mint medicine

mint or mentha belongs to the lamiaceae family, which contains around 15 to 20 plant species, including peppermint and spearmint. it is a popular herb that people can use fresh or dried in many dishes and infusions. in this article, we provide a nutritional breakdown of mint and explain its possible health benefits. the authors of the review found that mint works against harmful microbes, regulates muscle relaxation, and helps control inflammation. the mint plant family provides a range of plant compounds that have anti-allergenic effects, according to a 2019 review published in frontiers in pharmacology. the office of dietary supplements (ods) advise that peppermint oil may cause skin irritation and redness. it is best to add them raw or at the end of the cooking process.

mint is relatively easy to grow, and people can cultivate it at home, making it a sustainable way to add flavor to meals. making a mint limeade by mixing lime juice with sugar or stevia and muddled mint leaves. according to a 2019 review, mint commonly acts as a trigger for gerd symptoms. while mint contains several nutrients, the amount that a person would typically use in a meal is not sufficient to provide a significant amount of a person’s daily requirement. it can help cleanse the mouth because it neutralizes and washes away the acid in the mouth due to the breakdown of food. here, learn about the possible health benefits and how to add basil to the… spearmint is a type of mint that some people consume to relieve the symptoms of digestive problems, such as nausea and indigestion. in this article, we… what are microgreens, what is their nutritional content, and what are their possible health benefits?

medicinal plants have been at the forefront of most medical therapies for many centuries and have been used in many societies worldwide. this paper provides a thorough review of the medical uses given to mint herbs in western medicine from ancient civilizations to modern day medicine and provides recent scientific data to support the reasons behind the longevity of their use. mints are also referred to in the ebers papyrus and on the walls of the temple of horus in edfu [14,15]. apart from being a source of inspiration to artistic expression, mints also aroused curiosity in the emerging scientific fields. the medical use of mints for gastrointestinal affections is present in the works of most philosophers and physicians who came across them, from classical antiquity to present-day medicine. trota, a prominent figure of the medical school of salerno in the 12th century, was another female healer and medical writer to have contributed to extend knowledge on female healthcare. paulus aegineta provided a recipe for constipation in children, for which he advised rubbing the abdomen with a mixture of mint and honey [31]. the use of mints to treat cholera is described in several medical texts, with the first being once again attributed to pliny [17].

in peace, pennyroyal is suggested to have contraceptive properties [79], and in acharnians and lysistrata, the blossoming of pennyroyal is mentioned as a metaphor for pubic hair [80,81,82]. furthermore, a mixture of ground castoreum, white pepper, costmary, mint, and wild celery in white or sweet wine to be drunk in the evening also appeared. providing protection against the different elements of the natural world, including animals, was always a concern for human beings, and mints have been employed as insect repellants and adjuncts in animal bite treatments since ancient times. mints do not appear in the original formulation but were added to later variations of this formulation [100,101]. for aphonia, giles of santarém prescribed a mixture of mint juice, ground pepper, malva seeds, egg yolk powder, and honey to be applied to the tongue [106]. sydenham, having himself been afflicted with gout in the last years of his life, made very accurate descriptions of the disease and included mints in several electuaries (i.e., medicines, generally in powder, mixed in with a palatable medium) form to be taken by patients, as well as for rheumatism [47]. he also advised inhaling the vapors of pennyroyal fumigation in absinthe and vinegar for a swollen uvula [125]. theophanes also indicates a concoction made of celandine (swallow-wort), egyptian rose, and mint to dye the hair blonde [130]. the longevity and diversity of the use of mints in medicine are a testament of their importance, receiving still noble place in herbal medicine.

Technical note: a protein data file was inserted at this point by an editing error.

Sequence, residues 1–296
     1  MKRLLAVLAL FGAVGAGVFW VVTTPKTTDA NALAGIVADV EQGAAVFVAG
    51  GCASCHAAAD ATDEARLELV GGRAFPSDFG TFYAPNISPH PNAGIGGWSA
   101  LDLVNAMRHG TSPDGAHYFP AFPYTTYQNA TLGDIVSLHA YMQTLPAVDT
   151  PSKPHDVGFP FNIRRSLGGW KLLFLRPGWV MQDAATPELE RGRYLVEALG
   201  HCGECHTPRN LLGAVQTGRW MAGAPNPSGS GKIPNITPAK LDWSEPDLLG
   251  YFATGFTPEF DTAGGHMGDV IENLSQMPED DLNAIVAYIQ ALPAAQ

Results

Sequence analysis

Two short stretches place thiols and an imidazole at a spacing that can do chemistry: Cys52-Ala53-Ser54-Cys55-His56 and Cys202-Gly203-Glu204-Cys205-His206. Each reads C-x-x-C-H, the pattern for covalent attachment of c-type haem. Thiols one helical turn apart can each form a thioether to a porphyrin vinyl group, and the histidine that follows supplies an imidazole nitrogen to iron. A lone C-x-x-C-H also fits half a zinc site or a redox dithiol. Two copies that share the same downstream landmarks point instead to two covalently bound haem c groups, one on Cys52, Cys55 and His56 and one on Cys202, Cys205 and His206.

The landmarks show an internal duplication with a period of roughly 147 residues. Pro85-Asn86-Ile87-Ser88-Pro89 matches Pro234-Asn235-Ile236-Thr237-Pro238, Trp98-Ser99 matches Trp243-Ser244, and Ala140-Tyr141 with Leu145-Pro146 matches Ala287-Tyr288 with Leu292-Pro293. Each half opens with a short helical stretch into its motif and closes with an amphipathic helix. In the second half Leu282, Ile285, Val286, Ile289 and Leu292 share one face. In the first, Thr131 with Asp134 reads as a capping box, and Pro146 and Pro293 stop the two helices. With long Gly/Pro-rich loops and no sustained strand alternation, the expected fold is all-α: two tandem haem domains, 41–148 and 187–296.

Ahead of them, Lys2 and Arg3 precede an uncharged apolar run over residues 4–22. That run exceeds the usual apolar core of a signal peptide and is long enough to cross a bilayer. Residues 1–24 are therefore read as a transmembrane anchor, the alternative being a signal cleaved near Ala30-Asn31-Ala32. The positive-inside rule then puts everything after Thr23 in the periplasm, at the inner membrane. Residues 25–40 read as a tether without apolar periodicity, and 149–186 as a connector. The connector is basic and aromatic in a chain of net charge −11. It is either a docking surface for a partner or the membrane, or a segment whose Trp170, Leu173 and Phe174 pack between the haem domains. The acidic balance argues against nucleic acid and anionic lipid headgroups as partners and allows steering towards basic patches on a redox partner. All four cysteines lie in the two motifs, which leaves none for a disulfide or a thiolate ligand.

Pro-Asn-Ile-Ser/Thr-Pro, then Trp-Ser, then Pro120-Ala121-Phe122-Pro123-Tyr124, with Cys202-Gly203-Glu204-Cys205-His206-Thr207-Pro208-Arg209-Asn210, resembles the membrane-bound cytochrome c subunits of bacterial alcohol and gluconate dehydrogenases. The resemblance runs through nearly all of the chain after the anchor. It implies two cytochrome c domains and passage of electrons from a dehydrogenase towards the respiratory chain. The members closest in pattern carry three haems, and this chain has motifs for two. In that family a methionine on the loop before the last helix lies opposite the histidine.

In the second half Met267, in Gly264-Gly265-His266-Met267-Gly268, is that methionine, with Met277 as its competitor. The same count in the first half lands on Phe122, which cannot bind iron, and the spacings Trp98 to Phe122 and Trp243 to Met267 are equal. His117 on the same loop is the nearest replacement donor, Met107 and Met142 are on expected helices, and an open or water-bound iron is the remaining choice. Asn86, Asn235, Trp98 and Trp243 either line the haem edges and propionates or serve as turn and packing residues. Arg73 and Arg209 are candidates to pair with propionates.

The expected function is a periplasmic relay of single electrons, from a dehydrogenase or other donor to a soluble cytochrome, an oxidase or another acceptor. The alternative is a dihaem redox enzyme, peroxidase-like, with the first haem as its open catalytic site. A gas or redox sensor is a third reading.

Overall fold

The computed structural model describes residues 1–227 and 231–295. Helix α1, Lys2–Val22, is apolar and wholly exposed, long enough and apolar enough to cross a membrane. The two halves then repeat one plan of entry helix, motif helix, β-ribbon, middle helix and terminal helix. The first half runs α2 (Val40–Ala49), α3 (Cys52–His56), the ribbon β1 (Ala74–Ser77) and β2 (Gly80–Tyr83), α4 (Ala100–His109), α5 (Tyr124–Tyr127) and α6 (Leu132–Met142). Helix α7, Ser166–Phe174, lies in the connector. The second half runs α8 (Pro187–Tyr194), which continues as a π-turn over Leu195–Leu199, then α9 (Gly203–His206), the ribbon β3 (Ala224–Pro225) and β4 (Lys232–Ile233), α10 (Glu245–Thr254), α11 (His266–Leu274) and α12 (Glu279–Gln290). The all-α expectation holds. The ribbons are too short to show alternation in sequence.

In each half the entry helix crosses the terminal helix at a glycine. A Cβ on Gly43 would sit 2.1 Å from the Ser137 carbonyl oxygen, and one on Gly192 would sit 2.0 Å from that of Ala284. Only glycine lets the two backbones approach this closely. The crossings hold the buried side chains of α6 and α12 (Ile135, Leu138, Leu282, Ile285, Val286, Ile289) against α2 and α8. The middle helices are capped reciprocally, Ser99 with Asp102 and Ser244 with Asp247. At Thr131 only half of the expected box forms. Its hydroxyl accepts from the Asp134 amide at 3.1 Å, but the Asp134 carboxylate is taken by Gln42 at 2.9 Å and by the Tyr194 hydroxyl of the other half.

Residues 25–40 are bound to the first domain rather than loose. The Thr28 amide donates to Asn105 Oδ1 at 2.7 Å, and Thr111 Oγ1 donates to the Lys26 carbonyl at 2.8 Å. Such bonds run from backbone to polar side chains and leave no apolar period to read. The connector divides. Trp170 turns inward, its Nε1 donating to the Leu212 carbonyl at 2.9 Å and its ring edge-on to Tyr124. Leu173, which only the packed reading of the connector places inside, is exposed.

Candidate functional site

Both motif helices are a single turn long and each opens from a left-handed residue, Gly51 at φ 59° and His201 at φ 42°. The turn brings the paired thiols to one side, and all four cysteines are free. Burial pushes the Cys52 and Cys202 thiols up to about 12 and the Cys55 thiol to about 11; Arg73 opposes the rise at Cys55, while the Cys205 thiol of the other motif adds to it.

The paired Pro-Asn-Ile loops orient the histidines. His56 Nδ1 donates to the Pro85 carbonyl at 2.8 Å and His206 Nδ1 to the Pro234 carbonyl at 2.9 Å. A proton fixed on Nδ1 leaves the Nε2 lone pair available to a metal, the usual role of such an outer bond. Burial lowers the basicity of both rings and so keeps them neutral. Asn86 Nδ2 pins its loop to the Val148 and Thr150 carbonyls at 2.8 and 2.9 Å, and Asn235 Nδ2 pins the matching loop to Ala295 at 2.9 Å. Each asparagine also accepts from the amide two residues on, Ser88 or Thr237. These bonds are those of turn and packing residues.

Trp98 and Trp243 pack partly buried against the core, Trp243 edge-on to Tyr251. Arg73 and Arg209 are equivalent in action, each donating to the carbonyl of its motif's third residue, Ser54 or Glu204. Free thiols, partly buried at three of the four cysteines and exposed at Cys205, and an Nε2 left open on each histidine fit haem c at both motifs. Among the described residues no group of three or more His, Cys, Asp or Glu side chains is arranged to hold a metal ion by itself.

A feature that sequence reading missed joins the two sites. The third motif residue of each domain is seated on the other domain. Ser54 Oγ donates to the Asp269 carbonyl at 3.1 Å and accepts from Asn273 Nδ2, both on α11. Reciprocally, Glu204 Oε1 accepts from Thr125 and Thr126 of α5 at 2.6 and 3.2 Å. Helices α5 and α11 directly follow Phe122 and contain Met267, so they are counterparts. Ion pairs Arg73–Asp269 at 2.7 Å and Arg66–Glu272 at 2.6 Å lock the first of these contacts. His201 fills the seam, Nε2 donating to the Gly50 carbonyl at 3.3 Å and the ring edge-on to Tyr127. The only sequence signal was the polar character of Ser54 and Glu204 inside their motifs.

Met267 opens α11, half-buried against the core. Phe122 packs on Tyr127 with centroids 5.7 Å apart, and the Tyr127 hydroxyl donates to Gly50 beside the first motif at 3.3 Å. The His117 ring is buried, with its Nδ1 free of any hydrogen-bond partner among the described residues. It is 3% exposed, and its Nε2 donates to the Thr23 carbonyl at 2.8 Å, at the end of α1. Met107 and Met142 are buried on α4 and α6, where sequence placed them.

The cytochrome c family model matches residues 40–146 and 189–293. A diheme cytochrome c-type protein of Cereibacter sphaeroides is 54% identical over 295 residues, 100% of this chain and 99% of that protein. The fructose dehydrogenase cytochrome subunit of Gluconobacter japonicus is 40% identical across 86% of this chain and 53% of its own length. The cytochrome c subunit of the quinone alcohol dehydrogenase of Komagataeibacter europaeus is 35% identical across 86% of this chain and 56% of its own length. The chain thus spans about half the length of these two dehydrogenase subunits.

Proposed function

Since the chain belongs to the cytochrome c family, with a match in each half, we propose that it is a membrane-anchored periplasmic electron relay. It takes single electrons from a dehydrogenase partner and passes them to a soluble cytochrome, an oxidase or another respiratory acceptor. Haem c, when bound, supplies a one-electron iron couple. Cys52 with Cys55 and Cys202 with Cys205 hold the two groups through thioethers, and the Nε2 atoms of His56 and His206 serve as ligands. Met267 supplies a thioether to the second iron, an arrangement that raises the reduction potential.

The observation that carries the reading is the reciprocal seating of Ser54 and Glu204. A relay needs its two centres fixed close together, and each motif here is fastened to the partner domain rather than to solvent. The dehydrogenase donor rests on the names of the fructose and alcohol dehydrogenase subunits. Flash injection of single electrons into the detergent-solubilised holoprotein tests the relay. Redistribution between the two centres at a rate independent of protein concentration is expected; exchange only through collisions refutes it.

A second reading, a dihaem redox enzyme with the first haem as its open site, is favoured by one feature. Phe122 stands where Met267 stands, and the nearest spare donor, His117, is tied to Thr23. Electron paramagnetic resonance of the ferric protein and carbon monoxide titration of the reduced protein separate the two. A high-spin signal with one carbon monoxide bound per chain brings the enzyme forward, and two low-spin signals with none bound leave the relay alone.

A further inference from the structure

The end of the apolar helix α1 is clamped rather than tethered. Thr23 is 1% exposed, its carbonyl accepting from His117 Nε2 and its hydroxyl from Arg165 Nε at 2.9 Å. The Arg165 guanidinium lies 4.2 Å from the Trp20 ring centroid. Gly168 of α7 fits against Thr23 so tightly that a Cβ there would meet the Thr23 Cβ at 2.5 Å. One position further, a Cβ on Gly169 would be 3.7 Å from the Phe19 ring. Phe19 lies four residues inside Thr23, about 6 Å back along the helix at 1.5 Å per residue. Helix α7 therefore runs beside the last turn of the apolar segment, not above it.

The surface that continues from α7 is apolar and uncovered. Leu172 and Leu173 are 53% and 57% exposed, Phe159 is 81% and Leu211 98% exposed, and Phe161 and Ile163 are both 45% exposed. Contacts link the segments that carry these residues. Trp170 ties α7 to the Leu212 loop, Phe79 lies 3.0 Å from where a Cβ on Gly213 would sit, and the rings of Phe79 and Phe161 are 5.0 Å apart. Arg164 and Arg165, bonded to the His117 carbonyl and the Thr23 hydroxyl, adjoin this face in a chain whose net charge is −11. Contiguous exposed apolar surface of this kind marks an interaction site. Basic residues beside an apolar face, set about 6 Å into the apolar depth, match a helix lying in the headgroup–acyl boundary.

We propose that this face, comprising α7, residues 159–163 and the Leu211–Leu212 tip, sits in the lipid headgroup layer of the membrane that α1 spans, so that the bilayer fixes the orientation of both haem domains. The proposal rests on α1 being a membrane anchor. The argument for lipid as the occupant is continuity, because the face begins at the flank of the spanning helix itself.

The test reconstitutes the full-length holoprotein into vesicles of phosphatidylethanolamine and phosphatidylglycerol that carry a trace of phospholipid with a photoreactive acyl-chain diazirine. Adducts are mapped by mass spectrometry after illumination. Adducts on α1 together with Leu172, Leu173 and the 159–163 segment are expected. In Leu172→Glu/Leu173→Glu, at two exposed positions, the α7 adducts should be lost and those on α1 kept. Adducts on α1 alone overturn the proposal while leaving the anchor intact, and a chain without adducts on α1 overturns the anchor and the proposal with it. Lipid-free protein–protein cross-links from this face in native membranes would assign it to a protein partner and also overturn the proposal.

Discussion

soothing common cold symptoms mint contains menthol. this an aromatic decongestant that might help to break up phlegm and mucus, making it easier to expel. mints have been among the most widely used herbs for medicinal purposes since ancient civilizations. they are still presently used for numerous medicinal use of mint plants mint has been long known as an herbal remedy, easing queasy stomachs, calming stress and anxiety, and promoting restful sleep., .

when it comes to medicinal uses, mint is perhaps most popularly known as a remedy for digestive problems. taking peppermint oil reduces abdominal pain and helps treat irritable bowel syndrome without producing side effects. mint home remedies eases respiratory issues: chewing on fresh mint can clear out sinuses, relieve sore throats, calm coughs, and even soothe asthma and discover the medicinal mints you can easily grow in your own yard—and use to fight anxiety, insomnia, nausea, and more. ; catnip (nepeta cataria) ; lemon balm ( “[peppermint] restores the functions of the stomach, promotes digestion, stops vomiting, cures the hiccups, flatulent colic, hysterical, .

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